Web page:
Predicting Kids' Success ... with Marshmallows

Testing footage shows children desperately trying to resist temptation. Their dilemma? Ring the bell, and get one marshmallow now. Or, wait, and get two marshmallows later.

It's called "the marshmallow test" and it can predict the future - sort of. Originally conducted more than 40 years ago, the studies continue today. Researchers consistently find that the group of kids who could force themselves to wait tend to have better lives and relationships. They also averaged 210 points higher on their SATs than the kids who could not hold off.

"If you can be focused on your goal and you can have self control to achieve that goal you can achieve a lot more in life," said author Ellen Galinsky.

Focus and self control are two of the essential life skills included in Galinsky's new book, "Mind in the Making." They're simple ideas, but difficult to master in a wired society where multi-tasking is valued and distractions are commonplace.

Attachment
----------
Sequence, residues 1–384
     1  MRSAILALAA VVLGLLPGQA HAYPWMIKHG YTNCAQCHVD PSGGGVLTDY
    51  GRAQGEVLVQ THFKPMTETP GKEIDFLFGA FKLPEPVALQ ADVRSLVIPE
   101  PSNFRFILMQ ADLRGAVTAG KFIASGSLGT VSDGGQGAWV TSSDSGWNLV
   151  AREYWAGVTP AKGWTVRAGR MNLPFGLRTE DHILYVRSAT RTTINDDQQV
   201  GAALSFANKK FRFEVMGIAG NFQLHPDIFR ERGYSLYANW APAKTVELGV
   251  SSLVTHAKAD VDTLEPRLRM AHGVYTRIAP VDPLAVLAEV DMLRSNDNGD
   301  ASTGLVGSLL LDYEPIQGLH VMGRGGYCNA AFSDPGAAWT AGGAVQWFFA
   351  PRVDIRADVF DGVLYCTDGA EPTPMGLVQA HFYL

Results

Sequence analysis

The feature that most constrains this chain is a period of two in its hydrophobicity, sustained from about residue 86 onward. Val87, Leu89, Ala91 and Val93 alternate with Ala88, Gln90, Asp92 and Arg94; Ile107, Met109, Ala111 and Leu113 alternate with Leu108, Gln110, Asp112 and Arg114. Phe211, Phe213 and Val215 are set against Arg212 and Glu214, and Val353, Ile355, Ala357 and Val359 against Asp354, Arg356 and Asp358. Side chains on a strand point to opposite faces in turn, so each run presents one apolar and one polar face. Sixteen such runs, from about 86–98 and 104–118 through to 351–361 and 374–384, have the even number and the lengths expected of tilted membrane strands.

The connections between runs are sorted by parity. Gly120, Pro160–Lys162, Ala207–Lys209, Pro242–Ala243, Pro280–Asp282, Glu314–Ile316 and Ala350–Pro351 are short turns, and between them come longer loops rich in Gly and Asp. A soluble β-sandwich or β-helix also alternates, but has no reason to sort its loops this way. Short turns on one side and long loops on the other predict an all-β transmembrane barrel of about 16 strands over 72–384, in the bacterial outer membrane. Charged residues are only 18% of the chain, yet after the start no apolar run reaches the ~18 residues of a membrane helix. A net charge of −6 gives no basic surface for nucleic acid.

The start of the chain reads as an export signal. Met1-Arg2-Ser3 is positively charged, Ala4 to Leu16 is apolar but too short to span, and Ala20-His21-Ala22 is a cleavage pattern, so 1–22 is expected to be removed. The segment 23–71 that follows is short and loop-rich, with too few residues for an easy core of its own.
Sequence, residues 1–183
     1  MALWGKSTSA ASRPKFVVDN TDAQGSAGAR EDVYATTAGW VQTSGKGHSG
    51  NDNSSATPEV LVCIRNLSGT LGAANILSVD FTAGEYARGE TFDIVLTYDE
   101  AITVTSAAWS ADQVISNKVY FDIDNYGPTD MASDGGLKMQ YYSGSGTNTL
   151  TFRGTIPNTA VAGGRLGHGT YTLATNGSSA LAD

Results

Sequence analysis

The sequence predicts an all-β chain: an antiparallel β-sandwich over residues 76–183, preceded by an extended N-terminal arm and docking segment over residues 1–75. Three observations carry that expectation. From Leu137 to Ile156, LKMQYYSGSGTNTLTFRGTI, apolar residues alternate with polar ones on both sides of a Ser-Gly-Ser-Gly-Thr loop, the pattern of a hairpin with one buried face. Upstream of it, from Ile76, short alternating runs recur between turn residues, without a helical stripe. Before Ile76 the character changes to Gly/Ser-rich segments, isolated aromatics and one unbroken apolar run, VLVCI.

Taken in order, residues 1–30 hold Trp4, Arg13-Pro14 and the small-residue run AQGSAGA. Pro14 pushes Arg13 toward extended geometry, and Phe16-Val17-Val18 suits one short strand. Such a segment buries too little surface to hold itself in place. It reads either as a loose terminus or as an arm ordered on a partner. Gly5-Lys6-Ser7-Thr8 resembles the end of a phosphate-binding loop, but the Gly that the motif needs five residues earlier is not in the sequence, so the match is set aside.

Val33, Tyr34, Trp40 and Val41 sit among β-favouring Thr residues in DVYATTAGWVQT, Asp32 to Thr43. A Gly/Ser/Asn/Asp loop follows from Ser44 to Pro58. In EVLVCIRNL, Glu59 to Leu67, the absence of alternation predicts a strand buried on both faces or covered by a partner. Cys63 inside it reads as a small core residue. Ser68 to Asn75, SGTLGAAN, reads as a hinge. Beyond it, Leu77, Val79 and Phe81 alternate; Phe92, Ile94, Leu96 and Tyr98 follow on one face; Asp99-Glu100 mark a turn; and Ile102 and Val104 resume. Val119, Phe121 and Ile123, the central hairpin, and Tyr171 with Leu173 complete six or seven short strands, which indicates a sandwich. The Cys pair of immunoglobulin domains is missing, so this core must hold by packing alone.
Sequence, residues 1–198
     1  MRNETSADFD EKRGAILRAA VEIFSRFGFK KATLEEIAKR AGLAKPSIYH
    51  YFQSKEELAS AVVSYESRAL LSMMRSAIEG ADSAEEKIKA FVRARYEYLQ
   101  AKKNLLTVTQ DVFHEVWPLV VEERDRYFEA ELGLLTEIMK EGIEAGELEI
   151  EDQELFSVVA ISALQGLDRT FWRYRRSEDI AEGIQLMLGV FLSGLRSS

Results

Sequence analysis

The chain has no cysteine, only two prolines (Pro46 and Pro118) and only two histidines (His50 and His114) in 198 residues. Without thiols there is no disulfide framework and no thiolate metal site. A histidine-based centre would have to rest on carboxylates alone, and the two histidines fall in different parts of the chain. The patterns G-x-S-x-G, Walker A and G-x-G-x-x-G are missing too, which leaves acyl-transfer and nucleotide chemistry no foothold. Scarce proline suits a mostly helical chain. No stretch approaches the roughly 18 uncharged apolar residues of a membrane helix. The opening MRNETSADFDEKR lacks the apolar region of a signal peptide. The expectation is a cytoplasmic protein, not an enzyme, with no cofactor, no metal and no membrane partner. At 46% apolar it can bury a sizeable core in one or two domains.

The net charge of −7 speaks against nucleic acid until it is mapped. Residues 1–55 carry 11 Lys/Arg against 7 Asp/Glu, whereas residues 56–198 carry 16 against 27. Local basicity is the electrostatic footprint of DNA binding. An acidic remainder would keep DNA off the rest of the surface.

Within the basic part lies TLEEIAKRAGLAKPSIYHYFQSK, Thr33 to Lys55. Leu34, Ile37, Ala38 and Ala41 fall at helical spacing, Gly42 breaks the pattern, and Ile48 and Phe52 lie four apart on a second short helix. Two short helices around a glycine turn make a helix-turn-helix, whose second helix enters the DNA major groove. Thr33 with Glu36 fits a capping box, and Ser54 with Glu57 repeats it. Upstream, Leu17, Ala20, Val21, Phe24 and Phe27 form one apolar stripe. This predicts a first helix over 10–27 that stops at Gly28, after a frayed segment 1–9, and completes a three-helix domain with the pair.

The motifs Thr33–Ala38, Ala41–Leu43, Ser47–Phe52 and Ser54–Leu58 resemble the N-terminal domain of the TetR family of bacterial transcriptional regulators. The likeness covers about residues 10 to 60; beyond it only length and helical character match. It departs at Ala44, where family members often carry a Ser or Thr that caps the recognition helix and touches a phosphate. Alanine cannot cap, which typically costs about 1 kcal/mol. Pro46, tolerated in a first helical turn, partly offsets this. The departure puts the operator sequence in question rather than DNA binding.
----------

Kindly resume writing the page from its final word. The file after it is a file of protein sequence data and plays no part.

"If you really need to do something, you have something hard to work on - then you need to find a way to pay attention," Galinsky said.

Galinsky suggests a game like "reverse Simon Says" - which forces kids to focus.

Also, balance simple games with high-tech ones. Galinsky says kids can learn with the same passion they show playing.

Check out this YouTube clip. The father of the two-and-a-half-year-old claims it's the first time she picked up his iPad. She gets it right away.

"Computers appeal to children in a very different way. They actually appeal to children in a way that they learn best. They're active learners, they're not passive," Galinsky said.

It's the big challenge for parents today: raising children who can get what they want with their fingertips, but who must also learn that some things in life are worth waiting for.

Watch the Marshmallow Test
  • Michelle Miller

    Michelle Miller is an award-winning CBS News correspondent based in New York, reporting for all CBS News broadcasts and platforms. Her work regularly appears on the "CBS Evening News with Scott Pelley", "CBS This Morning" and "CBS Sunday Morning with Charles Osgood". She joined CBS News in 2004.

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